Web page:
9 Bad Habits You Need to Stop if You Want to Be Happy
Everyone has his or her own little habits and idiosyncrasies. It doesn’t matter who you are, what you do or what you look like, we all have them: good, bad or otherwise! Habits (on a very basic level) can be understood as a repetitive pattern or ritual performed by a person, either knowingly or unknowingly. Yes, that does include not washing your hands when you go to the bathroom. At Money Mog we believe in living life to its full potential, even if that means compromising with a few everyday sins.
1. Lack of self-belief
We’ve heard it all before. I “don’t know what I want”, “I don’t know how”, “I can’t do it”. As your parents will have no doubt impressed upon you from a young age, there’s no such thing as ‘can’t’, only ‘won’t’ (eating vegetables and studying come to mind). You’re more than likely not giving yourself enough credit for your own capability. Humility really is a great thing but never underestimate your own self-worth. Sometimes it’s easier to just say no and take the path of least resistance. We’re all guilty of it! The thing is, positivity breeds positivity – FACT! Ever heard of the law of attraction? The more you put in the more you will get out. Simple!
2. Stop comparing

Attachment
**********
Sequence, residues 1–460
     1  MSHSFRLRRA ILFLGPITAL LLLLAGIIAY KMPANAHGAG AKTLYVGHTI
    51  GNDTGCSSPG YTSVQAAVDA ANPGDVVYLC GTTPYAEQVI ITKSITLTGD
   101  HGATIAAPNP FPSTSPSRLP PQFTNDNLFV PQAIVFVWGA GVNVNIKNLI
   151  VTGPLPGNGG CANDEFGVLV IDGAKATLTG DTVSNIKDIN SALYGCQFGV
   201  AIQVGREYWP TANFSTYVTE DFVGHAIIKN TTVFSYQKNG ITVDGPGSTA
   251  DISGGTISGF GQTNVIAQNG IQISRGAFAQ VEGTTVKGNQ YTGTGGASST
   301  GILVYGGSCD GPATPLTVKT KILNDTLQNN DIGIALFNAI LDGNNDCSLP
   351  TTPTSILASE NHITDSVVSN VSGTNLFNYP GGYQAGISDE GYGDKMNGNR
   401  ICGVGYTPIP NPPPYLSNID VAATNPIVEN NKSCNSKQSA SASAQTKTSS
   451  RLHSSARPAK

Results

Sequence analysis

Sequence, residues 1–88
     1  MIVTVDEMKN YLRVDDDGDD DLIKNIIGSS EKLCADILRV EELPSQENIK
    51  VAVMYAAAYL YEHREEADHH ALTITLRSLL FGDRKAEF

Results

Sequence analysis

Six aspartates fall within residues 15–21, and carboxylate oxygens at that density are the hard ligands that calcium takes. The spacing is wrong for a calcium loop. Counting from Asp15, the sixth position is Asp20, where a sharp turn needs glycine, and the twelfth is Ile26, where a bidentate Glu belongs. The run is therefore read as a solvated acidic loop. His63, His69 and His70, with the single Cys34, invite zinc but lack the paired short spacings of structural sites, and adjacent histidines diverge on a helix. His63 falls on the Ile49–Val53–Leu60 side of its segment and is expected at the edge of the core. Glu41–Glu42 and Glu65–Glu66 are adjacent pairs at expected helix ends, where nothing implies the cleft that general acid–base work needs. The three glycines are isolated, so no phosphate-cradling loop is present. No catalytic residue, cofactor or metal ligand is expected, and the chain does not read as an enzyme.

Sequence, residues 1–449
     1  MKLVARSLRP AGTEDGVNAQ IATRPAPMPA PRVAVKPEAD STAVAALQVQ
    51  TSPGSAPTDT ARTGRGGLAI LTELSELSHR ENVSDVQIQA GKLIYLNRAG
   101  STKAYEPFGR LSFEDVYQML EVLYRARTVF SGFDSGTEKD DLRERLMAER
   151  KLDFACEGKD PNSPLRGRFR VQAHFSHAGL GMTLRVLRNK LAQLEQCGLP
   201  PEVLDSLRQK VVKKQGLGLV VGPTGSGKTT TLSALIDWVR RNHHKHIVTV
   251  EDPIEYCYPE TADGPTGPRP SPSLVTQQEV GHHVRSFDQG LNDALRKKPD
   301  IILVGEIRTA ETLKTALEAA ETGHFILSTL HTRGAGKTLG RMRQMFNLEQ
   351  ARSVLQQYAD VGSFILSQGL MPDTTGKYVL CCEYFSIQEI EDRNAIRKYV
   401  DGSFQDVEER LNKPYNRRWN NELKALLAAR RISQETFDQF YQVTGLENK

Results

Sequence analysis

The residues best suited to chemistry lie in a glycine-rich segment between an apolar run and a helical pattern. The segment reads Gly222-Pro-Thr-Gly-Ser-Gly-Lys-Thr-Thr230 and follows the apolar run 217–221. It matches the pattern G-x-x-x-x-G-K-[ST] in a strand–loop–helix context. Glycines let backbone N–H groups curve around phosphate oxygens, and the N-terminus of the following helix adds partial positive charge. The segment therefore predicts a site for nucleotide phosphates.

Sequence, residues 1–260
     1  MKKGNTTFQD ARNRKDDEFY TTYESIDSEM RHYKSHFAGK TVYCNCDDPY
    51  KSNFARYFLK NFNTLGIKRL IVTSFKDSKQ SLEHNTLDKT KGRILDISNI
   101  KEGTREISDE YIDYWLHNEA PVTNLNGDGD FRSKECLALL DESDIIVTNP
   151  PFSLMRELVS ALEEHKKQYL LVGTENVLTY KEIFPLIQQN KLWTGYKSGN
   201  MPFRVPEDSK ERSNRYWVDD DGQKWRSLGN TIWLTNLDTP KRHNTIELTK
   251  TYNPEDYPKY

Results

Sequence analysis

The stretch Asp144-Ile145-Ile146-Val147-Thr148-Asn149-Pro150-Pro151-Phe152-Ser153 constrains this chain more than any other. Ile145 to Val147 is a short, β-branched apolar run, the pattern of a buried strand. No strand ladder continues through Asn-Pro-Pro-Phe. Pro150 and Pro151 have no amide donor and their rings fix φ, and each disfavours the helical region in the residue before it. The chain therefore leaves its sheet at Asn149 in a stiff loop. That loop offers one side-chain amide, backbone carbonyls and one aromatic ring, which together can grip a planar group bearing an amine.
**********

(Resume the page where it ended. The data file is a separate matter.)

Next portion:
In this day and age, this next point couldn’t be any more relevant. With the ever-growing presence of social media, everyone knows everyone else’s business. If it’s not a long-lost friend buying a new sports car or an ex-colleague getting that next big promotion, there’s always something to rain on your parade. But that’s okay. Good for them! The fact of the matter is you can’t let other people’s successes belittle your own. People achieve certain things at different points in their lives. Sometimes there’s no rhyme or reason, sometimes it’s just down to plain old luck! Of course, you aren’t privy to any of this information, just a doctored image and a manufactured reality. Think of it this way, our Instagram, Facebook, Twitter and LinkedIn feeds only feature our friends’ ‘highlight reels’. You don’t get to see all the failures, hard work and toil in between. With this in mind, take what you see with a pinch of salt and focus on your own journey. In your life, your success and the ones you care about should be your number one priority.